Appeal launched to trace families of war memorial fallen

Published Tuesday, 12 April 2022
Photo of Hinckley war memorial

Local historians and the Royal British Legion are trying to trace the relatives of two Hinckley mothers who each lost three sons in World War One.

Historian Greg Drozdz is hoping to trace descendants of Mary Ann Sharpe and Mary Ann Dixon to invite them to take part in a special ceremony being organised by the Royal British Legion and the Borough Council next month to commemorate the centenary of the war memorial in Hinckley.

In November 1921 five Hinckley mothers who had each lost three sons in WWI were invited to be part of a service to lay the foundation stone for the war memorial in Argents Mead. The memorial was officially unveiled and dedicated in May 1922, 100 years ago next month.

Mr Drozdz has already traced the descendants of Eliza Attenborough, Maria Dalby and Jane Bolesworth, all of whom still live locally, and invited them to take part in the centenary commemoration. Now he's appealing for any descendants of the two remaining bereaved mothers to come forward after no trace of them could be found.

Mary Ann Dixon's family lived in Upper Bond Street before moving to Coventry Road in the town. Three of her six sons Joseph, Herbert and William Dixon were killed in action in France in 1917 and 1918, leaving three remaining siblings, James, Charles, and George.

Mary Ann Sharpe's family lived in Tan Yard on Druid Street which no longer exists. Brothers Joseph, Walter and William were killed in action between 1915 and 1917 and left four remaining siblings, Libby, Florence, Sidney and Arthur. 

Mr Drozdz said:

If we are extremely lucky, someone will know someone, or have a parent, uncle, aunt, grandfather or grandmother who knows someone who knows the families we are searching for. 

We would love to come in contact with them, so we can invite them to take part in this special commemoration to honour their fallen ancestors.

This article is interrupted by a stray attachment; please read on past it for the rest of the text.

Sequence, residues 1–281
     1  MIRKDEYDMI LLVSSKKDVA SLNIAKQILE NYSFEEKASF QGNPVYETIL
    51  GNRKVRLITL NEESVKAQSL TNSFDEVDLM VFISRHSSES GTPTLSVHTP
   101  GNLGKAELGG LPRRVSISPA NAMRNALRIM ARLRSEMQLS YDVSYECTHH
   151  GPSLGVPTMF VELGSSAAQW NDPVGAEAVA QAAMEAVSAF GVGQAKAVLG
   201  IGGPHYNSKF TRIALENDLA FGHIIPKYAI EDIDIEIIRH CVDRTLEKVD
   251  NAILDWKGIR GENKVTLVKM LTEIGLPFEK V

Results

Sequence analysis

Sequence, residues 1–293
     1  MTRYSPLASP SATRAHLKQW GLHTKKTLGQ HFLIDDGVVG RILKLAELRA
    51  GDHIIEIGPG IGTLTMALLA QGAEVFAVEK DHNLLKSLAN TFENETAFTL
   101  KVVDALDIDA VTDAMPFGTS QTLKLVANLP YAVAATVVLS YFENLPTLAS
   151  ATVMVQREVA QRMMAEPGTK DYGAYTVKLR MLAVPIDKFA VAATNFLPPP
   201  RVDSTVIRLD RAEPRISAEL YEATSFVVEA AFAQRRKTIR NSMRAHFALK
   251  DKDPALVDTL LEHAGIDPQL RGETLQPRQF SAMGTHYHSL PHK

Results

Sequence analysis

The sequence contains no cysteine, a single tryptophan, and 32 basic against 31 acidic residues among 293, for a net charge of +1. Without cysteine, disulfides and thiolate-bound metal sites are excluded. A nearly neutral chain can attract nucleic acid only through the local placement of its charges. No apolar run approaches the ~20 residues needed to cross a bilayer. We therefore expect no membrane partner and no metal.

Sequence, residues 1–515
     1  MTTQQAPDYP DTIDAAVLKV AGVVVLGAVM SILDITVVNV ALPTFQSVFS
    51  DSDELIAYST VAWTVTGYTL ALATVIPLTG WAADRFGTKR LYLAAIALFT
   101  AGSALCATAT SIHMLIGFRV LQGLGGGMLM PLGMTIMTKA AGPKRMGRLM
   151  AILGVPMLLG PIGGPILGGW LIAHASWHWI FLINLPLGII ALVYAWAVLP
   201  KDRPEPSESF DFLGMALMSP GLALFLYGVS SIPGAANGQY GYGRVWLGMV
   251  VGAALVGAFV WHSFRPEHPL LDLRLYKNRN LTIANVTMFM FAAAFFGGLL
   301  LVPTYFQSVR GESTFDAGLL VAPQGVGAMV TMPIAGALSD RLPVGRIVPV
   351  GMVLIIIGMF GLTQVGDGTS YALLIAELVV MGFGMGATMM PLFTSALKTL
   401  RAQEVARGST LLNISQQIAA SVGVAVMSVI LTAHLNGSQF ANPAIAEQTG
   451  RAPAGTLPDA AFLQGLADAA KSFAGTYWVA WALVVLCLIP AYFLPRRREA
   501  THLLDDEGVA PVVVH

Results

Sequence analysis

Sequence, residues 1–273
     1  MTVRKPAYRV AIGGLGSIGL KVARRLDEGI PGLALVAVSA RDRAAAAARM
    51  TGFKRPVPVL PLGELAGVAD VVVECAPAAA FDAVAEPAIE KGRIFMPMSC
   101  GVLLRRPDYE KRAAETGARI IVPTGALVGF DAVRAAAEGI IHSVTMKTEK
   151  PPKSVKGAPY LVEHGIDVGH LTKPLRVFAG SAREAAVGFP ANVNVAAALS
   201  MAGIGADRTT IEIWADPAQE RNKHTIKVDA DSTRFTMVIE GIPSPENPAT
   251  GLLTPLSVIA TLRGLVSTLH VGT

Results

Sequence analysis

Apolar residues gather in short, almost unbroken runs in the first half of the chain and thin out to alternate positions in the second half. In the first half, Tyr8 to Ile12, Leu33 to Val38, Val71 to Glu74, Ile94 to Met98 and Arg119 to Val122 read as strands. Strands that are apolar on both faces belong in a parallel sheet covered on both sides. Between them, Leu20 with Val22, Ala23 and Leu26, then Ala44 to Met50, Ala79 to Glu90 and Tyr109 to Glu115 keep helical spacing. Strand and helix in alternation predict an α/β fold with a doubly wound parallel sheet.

Hinckley & Bosworth Borough Council’s Armed Forces Champion, Councillor Danny Findlay added:

For the purposes of both local historical significance and paying the appropriate respects to these servicemen who paid the ultimate sacrifice for the freedoms we enjoy today, Hinckley and Bosworth Borough Council supports the search for the relatives of the serviceman. I would encourage anyone who knows the families to come forward so that we can help make a connection and allow them the opportunity to partake in the centenary in May.

There is a great deal of information about the fallen remembered on Hinckley's war memorial on an archive published on Hinckley and District museum's website, called 'Nobody Told Us'. The archive represents 25 years research by Mr Drozdz using archive information as it became available, and it is illustrated with photographs and historical news reports to show the lost life that each fallen soldier represents. The archive is open to all to view at  

Anyone who can help Mr Drozdz piece together information about the families is asked to contact the Borough Council's Communications team on 01455 238141 or complete our communications contact form